Single-member LLCs and grantor trusts are both entities that exist for state law purposes but are disregarded for federal income tax purposes. These entities are commonly known as disregarded entities or DREs. The ownership of partnership interests by a disregarded entity creates the question of who the partner really is.
A limited liability company has great flexibility in federal and state tax treatment under Treas. Reg. § 1.7701-3. The default treatment of an LLC that has a single owner is for the LLC to be disregarded as an entity separate from its owner. So, who is the partner if a disregarded LLC owns a partnership interest? The IRS answered that in Rev. Rul. 2004-77, which confirms an entity disregarded under federal tax law is ignored under federal partnership law. Thus, the disregarded entity’s owner is treated as the partner.
In Rev. Rul. 2004-77, a taxpayer created a wholly-owned LLC that was disregarded as an entity separate from taxpayer. The taxpayer and his LLC attempted to form a partnership together. The IRS ruled because the LLC is a disregarded entity, the taxpayer was the only partner, and thus a partnership did not exist.
The same principle is also applied to grantor trusts, which are governed by Subpart E of Subchapter J of the Code. A grantor trust is a trust whose assets, because of the powers of the grantor, are treated as owned by the grantor. As a result, the income of the trust is taxed to the grantor. Another consequence of grantor trust status, as with single-member LLCs, is any partnership interest owned by a grantor trust is treated as owned by the grantor.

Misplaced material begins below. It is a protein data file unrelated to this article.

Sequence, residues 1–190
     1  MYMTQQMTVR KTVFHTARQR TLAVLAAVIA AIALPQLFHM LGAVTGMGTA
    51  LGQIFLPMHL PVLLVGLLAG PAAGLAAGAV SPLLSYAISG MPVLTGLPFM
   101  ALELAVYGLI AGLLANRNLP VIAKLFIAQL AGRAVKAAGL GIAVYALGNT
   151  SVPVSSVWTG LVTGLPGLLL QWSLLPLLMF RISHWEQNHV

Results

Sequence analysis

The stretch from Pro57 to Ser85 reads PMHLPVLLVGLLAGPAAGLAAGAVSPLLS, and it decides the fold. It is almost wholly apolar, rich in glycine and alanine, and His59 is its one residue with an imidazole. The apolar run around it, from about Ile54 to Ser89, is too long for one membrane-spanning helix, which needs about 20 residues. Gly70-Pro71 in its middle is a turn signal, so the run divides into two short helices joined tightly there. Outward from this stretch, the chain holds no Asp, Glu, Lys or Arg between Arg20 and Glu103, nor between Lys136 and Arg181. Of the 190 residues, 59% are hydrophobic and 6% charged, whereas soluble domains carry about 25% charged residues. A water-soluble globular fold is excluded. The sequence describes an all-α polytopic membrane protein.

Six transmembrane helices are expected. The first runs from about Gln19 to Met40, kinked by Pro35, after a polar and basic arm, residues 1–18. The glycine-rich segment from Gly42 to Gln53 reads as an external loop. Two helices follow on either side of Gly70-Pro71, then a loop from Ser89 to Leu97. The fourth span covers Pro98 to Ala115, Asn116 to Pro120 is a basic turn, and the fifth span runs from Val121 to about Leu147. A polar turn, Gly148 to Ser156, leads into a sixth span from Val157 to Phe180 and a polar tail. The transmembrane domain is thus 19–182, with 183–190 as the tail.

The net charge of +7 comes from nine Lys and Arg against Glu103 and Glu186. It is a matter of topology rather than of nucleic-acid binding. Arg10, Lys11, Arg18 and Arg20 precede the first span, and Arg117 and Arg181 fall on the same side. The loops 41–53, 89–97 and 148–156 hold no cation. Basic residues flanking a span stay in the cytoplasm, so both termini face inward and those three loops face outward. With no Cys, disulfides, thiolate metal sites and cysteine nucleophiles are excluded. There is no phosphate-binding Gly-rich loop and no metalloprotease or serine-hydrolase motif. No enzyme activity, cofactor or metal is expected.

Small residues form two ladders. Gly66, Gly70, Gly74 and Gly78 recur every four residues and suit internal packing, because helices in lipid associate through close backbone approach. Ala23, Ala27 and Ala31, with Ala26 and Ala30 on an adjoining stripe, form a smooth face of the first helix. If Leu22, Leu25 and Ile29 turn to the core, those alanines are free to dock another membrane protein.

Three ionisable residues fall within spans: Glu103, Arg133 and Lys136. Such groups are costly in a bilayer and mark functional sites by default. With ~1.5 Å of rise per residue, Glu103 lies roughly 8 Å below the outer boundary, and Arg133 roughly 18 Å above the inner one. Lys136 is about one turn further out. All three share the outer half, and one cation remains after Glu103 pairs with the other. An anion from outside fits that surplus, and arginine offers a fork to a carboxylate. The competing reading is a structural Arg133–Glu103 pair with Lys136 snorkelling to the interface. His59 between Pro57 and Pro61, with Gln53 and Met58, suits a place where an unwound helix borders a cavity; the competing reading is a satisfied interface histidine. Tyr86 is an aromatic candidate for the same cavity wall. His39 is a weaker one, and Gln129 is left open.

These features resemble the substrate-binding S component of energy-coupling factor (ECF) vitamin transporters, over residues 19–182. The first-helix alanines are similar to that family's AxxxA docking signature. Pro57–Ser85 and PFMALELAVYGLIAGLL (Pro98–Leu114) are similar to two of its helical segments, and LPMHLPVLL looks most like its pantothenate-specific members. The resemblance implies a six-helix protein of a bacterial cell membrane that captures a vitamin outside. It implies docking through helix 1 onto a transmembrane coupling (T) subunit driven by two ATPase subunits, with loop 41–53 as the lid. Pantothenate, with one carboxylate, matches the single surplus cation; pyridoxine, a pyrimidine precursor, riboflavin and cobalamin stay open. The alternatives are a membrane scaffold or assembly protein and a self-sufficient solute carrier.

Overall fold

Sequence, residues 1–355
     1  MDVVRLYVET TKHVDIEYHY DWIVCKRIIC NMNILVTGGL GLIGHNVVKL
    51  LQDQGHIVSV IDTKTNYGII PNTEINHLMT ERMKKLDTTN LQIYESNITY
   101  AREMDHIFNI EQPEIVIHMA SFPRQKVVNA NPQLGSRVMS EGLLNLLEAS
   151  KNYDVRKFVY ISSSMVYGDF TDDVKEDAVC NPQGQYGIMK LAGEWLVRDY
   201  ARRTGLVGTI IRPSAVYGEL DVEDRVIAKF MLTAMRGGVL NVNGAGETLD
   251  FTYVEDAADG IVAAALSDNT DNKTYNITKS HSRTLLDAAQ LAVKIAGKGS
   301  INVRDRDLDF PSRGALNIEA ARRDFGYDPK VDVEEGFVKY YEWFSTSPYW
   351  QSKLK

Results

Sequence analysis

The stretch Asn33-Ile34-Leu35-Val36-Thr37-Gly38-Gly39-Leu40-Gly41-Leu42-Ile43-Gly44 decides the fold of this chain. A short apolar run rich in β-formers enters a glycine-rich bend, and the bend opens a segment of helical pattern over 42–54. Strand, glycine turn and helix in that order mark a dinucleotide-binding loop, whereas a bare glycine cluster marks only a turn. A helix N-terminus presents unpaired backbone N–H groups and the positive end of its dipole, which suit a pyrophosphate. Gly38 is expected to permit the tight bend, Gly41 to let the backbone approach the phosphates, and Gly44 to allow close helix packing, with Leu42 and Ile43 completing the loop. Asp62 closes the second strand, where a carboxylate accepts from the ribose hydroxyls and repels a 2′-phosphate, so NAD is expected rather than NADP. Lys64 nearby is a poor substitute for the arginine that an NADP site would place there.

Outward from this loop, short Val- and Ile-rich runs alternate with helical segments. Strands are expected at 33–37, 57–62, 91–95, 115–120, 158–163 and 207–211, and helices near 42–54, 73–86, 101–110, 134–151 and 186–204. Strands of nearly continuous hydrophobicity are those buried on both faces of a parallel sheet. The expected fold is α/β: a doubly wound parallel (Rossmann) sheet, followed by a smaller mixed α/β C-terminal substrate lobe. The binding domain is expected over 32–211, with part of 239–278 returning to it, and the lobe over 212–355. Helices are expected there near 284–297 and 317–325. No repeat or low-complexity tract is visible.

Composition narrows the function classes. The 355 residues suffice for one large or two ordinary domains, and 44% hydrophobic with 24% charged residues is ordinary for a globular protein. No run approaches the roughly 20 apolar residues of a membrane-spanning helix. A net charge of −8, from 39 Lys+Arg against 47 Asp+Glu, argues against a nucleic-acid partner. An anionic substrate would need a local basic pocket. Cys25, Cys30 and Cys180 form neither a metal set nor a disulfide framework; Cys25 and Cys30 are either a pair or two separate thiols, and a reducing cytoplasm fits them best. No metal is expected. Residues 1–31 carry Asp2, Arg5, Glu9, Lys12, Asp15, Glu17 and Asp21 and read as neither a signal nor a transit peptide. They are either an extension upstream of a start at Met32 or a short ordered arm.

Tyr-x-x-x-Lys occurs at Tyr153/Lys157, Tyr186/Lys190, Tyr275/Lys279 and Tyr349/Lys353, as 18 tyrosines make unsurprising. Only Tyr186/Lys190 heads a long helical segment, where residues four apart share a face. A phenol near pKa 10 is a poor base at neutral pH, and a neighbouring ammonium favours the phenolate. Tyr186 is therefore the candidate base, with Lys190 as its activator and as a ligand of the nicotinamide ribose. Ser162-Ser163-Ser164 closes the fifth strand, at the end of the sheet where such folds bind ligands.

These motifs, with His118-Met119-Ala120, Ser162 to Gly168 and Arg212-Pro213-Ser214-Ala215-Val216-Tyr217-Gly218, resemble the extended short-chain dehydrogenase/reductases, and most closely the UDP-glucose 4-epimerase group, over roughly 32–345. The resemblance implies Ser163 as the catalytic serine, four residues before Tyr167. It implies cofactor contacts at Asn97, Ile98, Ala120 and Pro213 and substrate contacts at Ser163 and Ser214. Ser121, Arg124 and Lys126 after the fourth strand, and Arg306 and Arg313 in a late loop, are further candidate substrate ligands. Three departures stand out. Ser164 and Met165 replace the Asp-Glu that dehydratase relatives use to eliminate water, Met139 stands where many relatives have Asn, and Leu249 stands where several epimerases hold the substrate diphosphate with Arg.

The use of disregarded entities as owners of partnership interests can create more complicated questions when the disregarded entities are guarantors of debt. The guarantor of partnership debt generally receives basis credit for being liable to pay the debt under Section 752. But does that rule apply when the guarantor is a disregarded entity that is not treated as the partner under partnership tax law? This issue is addressed in Treas. Reg. § 1.752-2(k)(1) through the “no reasonable expectation of payment test.” To avoid abuse by taxpayers, this test provides a guarantee by a disregarded entity (including a grantor trust) is respected so long as there is “a commercially reasonable expectation that the payment obligor will have the ability to make the required payments under the terms of the obligation if the obligation becomes due and payable.” Thus, where a disregarded entity guarantees a partnership debt, the partner who is the owner for tax purposes may receive a basis credit if the disregarded entity has the means to pay that debt should it be required to.
Because of these nuances, important tax consequences turn on whether disregarded entities that guarantee debt have the means to pay those obligations.
John G. Hodnette, JD, LLM is an attorney with Culp, Elliott, & Carpenter in Charlotte.